Evaluative priming in a semantic flanker task: ERP evidence for a mutual facilitation explanation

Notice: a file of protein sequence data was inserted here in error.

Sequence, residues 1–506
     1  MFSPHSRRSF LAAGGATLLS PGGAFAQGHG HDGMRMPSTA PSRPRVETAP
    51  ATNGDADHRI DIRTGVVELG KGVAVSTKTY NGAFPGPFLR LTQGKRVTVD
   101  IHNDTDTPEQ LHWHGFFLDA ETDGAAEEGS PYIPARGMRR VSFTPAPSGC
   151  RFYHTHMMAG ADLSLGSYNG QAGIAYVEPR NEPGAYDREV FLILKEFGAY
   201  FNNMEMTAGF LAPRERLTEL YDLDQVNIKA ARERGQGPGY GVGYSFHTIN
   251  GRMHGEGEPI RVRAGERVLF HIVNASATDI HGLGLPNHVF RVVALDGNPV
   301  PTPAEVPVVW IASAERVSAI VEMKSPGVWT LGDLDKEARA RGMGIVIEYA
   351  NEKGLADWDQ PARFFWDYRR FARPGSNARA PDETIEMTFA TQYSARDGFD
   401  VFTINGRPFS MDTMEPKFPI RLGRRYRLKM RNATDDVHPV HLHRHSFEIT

In semantic flanker tasks, target categorization response times are affected by the semantic compatibility of the flanker and target. With positive and negative category exemplars, we investigated the influence of evaluative congruency (whether flanker and target share evaluative valence) on the flanker effect, using behavioral and electrophysiological measures. We hypothesized a moderation of the flanker effect by evaluative congruency on the basis of the assumption that evaluatively congruent concepts mutually facilitate each other’s activation (see Schmitz & Wentura in Journal of Experimental Psychology: Learning, Memory, and Cognition 38:984–1000, 2012). Applying an onset delay of 50 ms for the flanker, we aimed to decrease the facilitative effect of an evaluatively congruent flanker on target encoding and, at the same time, increase the facilitative effect of an evaluatively congruent target on flanker encoding. As a consequence of increased flanker activation in the case of evaluative congruency, we expected a semantically incompatible flanker to interfere with the target categorization to a larger extent (as compared with an evaluatively incongruent pairing). Confirming our hypotheses, the flanker effect significantly depended on evaluative congruency, in both mean response times and N2 mean amplitudes. Thus, the present study provided behavioral and electrophysiological evidence for the mutual facilitation of evaluatively congruent concepts. Implications for the representation of evaluative connotations of semantic concepts are discussed.